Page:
South Africa President Is Accused of Misleading Parliament About $36,000 Donation

South Africa President Is Accused of Misleading Parliament About $36,000 Donation

CAPE TOWN — President Cyril Ramaphosa of South Africa “deliberately misled” Parliament about the nature of a $36,000 donation toward his campaign in 2017 from Bosasa, a logistics company that featured heavily in a commission examining corruption at the highest levels of government, the country’s public protector said on Friday.

The protector, Busisiwe Mkhwebane, who leads the government’s anticorruption agency, also said that Mr. Ramaphosa had violated the ethics code of his party, the African National Congress, which gave him 30 days to disclose his campaign funding in full.

Mr. Ramaphosa took office pledging to root out corruption within the A.N.C., which has dominated South African politics since the end of apartheid, but has faced strong opposition from a rival faction within his party. The ruling against Mr. Ramaphosa posed a significant political risk at a time when some of his opponents were facing their own scrutiny over alleged misconduct.

Confronted with evidence of the donation last year, Mr. Ramaphosa initially told Parliament that the money had been paid to his son, Andile, a businessman who the president said was working with Bosasa.

But after Mr. Ramaphosa’s son denied involvement in the transaction, the president changed tack and said that the donation had been made without his knowledge.

Bosasa has been accused by several whistle-blowers, including its former chief operating officer, of using bribes “like monopoly money” to win lucrative contracts from government officials.

The announcement from the public protector’s office came shortly after Jacob Zuma, Mr. Ramaphosa’s predecessor as South African president, withdrew from the high-level inquiry into government corruption, ending a prolonged standoff that has reflected deep divisions within the A.N.C.

“We are here to tell you that we will take no further part in these proceedings,” said Mr. Zuma’s lawyer, Muzi Sikhakhane. The hearings in Johannesburg had been postponed since Wednesday, when Mr. Zuma’s legal team complained that he had been “brought in under false pretenses.”

Mr. Zuma left office last year under a cloud of suspicion about his conduct, and the commission, led by Judge Raymond Zondo, was established to explore allegations of corruption so pervasive that it has come to be known as state capture. Mr. Zuma’s lawyers argued that the commission had overstepped its mandate in posing detailed questions to the former president.

The line of questioning included the allegations that Mr. Zuma had allowed the Guptas, an Indian business family, to dictate government policy, to the extent that they were allowed to select cabinet ministers sympathetic to their interests.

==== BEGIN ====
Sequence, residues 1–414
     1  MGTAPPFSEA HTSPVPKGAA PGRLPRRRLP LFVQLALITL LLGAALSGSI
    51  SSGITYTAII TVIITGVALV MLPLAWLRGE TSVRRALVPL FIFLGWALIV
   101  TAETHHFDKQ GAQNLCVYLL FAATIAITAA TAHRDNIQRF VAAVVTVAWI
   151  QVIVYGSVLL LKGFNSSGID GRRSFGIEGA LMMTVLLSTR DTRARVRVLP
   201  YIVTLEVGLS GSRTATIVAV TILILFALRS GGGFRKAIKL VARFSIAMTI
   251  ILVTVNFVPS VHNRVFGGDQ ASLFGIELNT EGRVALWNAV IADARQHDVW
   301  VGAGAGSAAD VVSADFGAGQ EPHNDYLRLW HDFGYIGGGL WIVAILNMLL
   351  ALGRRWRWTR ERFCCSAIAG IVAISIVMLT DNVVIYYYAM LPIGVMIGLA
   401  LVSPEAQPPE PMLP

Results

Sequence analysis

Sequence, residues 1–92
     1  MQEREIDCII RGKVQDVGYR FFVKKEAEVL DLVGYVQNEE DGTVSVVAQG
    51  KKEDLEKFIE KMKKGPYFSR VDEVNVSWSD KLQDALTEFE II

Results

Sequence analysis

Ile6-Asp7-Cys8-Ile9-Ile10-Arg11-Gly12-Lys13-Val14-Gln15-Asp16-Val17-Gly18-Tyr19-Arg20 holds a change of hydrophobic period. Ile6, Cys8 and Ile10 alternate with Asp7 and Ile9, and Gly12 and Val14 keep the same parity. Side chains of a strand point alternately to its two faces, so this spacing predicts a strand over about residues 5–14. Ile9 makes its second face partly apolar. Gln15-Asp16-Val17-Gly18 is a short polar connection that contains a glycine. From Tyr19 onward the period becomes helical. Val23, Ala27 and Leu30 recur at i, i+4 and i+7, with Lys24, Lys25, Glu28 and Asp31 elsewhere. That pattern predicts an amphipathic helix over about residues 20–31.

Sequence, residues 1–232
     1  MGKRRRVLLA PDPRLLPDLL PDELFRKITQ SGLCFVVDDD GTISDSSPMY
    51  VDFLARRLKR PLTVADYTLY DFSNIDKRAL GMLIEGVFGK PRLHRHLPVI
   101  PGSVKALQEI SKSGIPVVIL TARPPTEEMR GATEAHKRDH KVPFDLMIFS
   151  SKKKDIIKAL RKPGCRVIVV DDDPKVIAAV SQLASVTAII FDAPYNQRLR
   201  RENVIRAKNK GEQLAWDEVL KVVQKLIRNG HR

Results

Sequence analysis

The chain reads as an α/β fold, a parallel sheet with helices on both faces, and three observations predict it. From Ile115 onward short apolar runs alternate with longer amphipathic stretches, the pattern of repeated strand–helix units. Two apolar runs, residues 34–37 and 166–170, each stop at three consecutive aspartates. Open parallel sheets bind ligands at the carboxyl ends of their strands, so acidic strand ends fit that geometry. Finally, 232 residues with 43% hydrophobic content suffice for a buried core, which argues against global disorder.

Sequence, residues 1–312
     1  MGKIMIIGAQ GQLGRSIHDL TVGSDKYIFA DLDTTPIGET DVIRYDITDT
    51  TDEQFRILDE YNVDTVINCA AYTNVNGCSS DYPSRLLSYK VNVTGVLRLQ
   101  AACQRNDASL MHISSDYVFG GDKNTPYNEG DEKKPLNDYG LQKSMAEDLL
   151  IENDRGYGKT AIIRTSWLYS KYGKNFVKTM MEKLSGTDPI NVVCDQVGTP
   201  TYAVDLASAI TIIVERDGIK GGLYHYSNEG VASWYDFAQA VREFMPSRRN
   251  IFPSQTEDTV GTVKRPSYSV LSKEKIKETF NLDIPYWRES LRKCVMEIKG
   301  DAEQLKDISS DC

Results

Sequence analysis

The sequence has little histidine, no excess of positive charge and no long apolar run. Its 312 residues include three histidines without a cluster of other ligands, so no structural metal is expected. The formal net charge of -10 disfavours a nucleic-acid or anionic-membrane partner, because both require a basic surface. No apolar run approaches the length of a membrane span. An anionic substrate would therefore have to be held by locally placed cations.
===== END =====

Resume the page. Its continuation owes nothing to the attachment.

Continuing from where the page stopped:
“Zuma cannot afford to have on record detailed statements which might turn out in a criminal case to be false,” said Pierre de Vos, a constitutional law expert at the University of Cape Town. Instead, Mr. de Vos said, the former president was “trying to discredit the commission.”

The commission was established after an investigation by a former public protector, Thuli Madonsela, that found evidence to suggest corruption in Mr. Zuma’s administration. It does not have prosecutorial powers, and any charges would need to be pursued by the police and the national prosecuting authority.

Among Mr. Zuma’s few substantive admissions in hearings this week were that he helped the Gupta family start a newspaper, The New Age, and satellite news channel, ANN7. Both media houses, which benefited from preferential government advertising, became known for supporting the Zuma administration before they shut down.

“In this country the media is very biased,” Mr. Zuma told the commission, justifying his close involvement in the process. The outlets had “brought a fresh air to the country,” he said, adding: “There was no law broken.”

But Mr. Zuma was more evasive on other matters, saying he had either forgotten or been unaware of critical details. He said he could not recall seeing Vytjie Mentor, a member of the A.N.C., at the Guptas’ home in 2010, when Ms. Mentor said they offered her the position of public enterprises minister.

Asked about making a request for a government spokesman, Themba Maseko, to “help” the Guptas, Mr. Zuma said he did not remember doing so. And he said he did not recall orchestrating the appointment of the chief of the state-owned rail and port agency, Transnet, which was riddled with corruption that cost the state hundreds of millions during his administration.

“I don’t remember myself insisting on this,” Mr. Zuma said.

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